Over-the-Air Computation Methods Based on Balanced Number Systems for FEEL

The University of South Carolina is offering licensing opportunities for Over-the-Air Computation Methods Based on Balanced Number Systems for FEEL





Federated edge learning (FEEL) is a distributed learning framework that leverages the computational powers of edge devices (EDs) and uses the local data at the EDs without compromising their privacy to train a model. However, the communication aspect of FEEL is one of the main bottlenecks.

Invention Description:

To address this issue, one of the promising solutions is to perform the aggregation with over-the-air computation methods that harness the interference that naturally occurs in wireless systems. However, developing a broadband AirComp scheme that allows analog computation via a digital scheme is not trivial. In this invention, we address this issue with a novel AirComp scheme.

Potential Applications:

This invention addresses the communication latency problem of training an artificial intelligence model over a wireless network. It reduces the per-round communication latency. It also paves the way for training when the data distribution is heterogeneous in the network. It could be helpful for artificial intelligence technologies over wireless or sensor networks, 5G and beyond, 6G wireless standardization, and IEEE 802.11 Wi-Fi. Also, Recently, IEEE 802.11 has formed a Topic Interest Group (TIG), where distributed learning over a wireless network has been mentioned.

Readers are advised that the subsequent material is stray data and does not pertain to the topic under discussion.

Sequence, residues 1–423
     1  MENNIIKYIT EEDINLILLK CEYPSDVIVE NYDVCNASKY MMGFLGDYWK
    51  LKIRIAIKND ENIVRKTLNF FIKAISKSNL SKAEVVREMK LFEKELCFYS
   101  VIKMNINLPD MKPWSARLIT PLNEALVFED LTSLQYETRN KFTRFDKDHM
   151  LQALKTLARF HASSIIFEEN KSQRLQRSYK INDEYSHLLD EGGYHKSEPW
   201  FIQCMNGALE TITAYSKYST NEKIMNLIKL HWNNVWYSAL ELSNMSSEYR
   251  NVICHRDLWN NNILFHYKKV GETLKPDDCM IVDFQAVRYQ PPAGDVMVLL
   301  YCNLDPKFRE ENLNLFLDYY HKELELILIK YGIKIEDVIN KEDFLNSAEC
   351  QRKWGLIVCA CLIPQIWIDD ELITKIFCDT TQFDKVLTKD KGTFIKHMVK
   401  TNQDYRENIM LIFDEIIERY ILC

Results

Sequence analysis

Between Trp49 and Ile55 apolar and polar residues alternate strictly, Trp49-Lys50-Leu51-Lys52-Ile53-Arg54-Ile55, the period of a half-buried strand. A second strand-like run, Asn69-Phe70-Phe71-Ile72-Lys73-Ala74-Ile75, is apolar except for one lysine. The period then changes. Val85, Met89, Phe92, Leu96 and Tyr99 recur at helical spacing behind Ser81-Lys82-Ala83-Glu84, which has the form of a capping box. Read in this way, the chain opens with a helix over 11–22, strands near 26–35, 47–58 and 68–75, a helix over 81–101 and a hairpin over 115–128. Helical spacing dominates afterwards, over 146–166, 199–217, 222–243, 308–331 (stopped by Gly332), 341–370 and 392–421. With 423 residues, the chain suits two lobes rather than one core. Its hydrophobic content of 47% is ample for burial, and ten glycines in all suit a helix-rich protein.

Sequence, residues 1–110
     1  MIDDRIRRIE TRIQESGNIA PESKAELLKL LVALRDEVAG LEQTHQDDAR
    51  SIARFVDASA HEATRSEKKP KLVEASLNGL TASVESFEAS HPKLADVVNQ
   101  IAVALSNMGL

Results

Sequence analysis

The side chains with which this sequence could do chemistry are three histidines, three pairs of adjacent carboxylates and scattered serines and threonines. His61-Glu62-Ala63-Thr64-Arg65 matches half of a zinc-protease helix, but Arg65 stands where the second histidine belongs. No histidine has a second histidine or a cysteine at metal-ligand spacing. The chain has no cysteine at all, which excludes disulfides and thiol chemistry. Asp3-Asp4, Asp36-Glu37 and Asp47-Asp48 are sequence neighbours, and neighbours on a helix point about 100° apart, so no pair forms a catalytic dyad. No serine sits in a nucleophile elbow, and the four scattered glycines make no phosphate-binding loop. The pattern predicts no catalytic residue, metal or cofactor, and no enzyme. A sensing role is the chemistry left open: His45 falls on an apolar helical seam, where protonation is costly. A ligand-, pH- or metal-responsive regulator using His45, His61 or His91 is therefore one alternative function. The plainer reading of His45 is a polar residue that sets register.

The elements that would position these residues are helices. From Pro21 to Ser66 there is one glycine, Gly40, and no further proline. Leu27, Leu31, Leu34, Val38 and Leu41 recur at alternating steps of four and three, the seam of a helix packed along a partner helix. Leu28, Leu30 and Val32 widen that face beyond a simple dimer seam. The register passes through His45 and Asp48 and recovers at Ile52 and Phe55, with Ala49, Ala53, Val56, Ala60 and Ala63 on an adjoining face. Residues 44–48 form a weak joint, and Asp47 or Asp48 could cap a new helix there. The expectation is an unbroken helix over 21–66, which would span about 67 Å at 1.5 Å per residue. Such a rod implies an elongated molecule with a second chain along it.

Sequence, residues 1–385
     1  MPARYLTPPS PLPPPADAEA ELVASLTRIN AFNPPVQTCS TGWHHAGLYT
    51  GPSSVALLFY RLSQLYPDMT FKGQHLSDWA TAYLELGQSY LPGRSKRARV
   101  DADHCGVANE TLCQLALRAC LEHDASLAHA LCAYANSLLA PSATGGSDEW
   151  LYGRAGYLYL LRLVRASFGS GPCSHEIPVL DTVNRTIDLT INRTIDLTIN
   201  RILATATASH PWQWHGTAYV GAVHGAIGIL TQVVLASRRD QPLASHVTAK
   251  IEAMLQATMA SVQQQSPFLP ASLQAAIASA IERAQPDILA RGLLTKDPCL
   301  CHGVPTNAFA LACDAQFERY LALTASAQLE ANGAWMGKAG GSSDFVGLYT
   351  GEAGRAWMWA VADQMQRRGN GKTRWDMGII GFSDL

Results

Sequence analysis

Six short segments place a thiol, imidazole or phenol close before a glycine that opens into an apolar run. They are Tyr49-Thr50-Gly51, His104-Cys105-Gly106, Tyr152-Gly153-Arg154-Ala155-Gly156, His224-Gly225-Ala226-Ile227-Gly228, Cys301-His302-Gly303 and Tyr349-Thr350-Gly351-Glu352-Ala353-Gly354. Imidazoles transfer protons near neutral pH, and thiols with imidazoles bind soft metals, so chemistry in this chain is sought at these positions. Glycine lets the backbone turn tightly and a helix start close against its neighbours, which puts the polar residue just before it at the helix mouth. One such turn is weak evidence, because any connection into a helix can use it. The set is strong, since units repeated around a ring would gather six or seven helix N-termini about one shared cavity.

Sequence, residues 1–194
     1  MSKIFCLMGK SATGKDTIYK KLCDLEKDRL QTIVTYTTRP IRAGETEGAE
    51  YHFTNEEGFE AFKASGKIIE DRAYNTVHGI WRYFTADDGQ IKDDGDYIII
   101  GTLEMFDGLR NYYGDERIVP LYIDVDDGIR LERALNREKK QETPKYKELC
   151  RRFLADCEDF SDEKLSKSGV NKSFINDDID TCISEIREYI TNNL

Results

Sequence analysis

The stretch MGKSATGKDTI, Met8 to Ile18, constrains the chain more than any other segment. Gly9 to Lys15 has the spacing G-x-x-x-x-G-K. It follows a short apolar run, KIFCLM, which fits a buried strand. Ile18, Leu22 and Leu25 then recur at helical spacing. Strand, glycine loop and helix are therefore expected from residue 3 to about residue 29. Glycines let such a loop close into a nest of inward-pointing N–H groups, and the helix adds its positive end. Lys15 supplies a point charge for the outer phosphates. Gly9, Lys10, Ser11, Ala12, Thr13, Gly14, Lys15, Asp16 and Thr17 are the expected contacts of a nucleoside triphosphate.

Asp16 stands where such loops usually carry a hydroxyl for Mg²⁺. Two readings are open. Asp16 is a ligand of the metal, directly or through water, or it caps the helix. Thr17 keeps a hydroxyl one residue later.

Advantages and Benefits:

The proposed scheme achieves a continuous-valued computation over a digital scheme. Hence, it can address many scenarios, including wireless sensor networks. It does not need a channel inversion at the EDs. From this aspect, it is compatible with time-varying channels and does not lose the gradient information due to truncation. The proposed scheme reduces PMEPR with a simple randomization technique. It also does not require CSIs at the ES or multiple antennas for over-the-air computation. It can also provide test accuracy when the data distribution is heterogeneous.